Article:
Description: Kudzu is deciduous vine with long, thick rhizomes, hairy stems and trefoil leaves . The purple flowers are fragrant and appear in 25 cm long, erect clusters. They are followed by flat, hairy seeds that divide when they are mature. The flowers are collected in late summer or early autumn and dried in a shade.
Active Ingredient and Substances: Kudzu contains glycosides (kudzusaponins A1, A2, Ar, SA4, SB1), sterols and isoflavones (puerarin, daidzin and daidzein). The isoflavones have estrogen-like properties and the effect against alcohol abuse is attributed to the substances daidzin and daidzein. The substance puerarin has been proven to have strong antioxidant properties, much more than say vitamin E.
Kudzu as Herbal Medicine:
It is known that kudzu has been used in traditional Chinese medicine for over 2000 years, and it is still regarded as one of the 50 most important herbs in Chinese herbal medicine. It has been used as a medicinal herbs for variety of ailments such as alcoholism, angina, headache, migraine and high blood pressure.
Furthermore, it has been used traditionally as a remedy for diarrhea, psoriasis, muscle pain, some menopause symptoms and upper respiratory tract infections such as sinus infection, the common cold and hay fever.
Kudzu as a Treatment for Alcoholism:
Chinese doctors have for centuries used kudzu in a tea form as a treatment for alcoholism. The tea used is called xing-jiu-ling.
This traditional application of the herb has gain interest in the scientific community and few studies have been made to investigate the herb's effectiveness.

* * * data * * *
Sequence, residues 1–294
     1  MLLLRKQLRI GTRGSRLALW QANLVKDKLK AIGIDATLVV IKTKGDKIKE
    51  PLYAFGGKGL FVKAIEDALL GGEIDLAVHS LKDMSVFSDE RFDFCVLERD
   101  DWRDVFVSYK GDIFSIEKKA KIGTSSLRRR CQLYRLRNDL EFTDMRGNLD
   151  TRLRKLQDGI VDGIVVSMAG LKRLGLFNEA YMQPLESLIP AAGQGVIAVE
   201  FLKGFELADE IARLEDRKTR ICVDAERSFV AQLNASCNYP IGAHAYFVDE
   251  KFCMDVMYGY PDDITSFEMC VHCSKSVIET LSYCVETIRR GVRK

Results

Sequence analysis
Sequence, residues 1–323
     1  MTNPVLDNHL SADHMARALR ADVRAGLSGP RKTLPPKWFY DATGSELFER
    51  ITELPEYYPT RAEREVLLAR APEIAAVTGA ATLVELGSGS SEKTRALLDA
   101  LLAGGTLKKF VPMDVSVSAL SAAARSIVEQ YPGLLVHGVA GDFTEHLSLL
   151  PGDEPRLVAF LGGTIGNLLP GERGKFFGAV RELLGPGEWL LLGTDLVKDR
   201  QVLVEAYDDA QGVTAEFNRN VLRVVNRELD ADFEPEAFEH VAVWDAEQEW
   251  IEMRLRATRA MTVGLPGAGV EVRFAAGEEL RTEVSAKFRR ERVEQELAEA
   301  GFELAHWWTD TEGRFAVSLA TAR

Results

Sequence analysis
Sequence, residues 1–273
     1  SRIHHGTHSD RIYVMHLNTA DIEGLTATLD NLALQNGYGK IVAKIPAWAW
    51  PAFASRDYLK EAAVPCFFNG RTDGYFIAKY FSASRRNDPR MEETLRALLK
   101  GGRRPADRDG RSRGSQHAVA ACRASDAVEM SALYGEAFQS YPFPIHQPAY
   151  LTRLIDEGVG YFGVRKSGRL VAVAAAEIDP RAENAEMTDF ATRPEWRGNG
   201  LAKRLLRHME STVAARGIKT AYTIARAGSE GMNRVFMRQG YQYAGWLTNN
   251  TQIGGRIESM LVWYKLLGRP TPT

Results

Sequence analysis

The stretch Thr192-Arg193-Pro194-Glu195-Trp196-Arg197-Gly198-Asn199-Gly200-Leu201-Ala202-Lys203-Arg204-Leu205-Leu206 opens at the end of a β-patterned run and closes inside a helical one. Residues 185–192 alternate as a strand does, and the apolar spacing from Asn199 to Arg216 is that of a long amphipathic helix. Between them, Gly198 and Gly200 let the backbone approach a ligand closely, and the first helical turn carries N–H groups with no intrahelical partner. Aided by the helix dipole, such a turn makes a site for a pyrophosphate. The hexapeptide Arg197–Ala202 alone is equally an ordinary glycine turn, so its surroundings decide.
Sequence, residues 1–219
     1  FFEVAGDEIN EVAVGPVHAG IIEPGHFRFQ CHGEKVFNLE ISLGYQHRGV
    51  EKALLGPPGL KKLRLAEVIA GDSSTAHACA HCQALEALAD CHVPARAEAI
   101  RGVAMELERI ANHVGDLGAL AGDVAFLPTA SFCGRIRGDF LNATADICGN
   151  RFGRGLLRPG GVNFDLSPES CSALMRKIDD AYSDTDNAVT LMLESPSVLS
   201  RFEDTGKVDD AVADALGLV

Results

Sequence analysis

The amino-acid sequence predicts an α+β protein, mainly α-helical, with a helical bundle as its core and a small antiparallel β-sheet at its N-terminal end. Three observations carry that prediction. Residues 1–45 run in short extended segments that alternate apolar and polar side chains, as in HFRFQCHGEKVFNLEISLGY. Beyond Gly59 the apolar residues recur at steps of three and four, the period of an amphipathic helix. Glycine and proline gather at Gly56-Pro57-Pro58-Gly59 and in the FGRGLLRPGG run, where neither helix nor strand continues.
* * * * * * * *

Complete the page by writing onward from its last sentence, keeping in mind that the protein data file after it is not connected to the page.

Thus far, these studies have produced findings with mixed results. While some have shown that it is useful in treating alcoholism others have indicated that the herb is ineffective.
A Remedy for Heart Disease:
Kudzu is often used as a remedy for heart and circulatory problems and high blood pressure. Flavonoid-like substances in kudzu contribute to an increase in blood circulation and flow in the arteries of the heart and reduces the heart’s need for oxygen. These substance also relax the muscles that surround the left coronary artery and lower the heart rate.
Kudzu has also antioxidant properties which could slow down the narrowing of the arteries. In a clinical study, kudzu was used as a treatment for angina pectoris (chest pain due to coronary heart disease).
Brewing Guide: Rinse tea cup and teapot with hot water. Fill the teapot 2 grams (1-2 teaspoons) tea leaves for every 225ml of water. Infuse in hot water at 90°c (194°F) to 95°c (203°F) for 2 to 3 minutes for the first and second brewing. Gradually increase steeping time and temperature for subsequent brewing.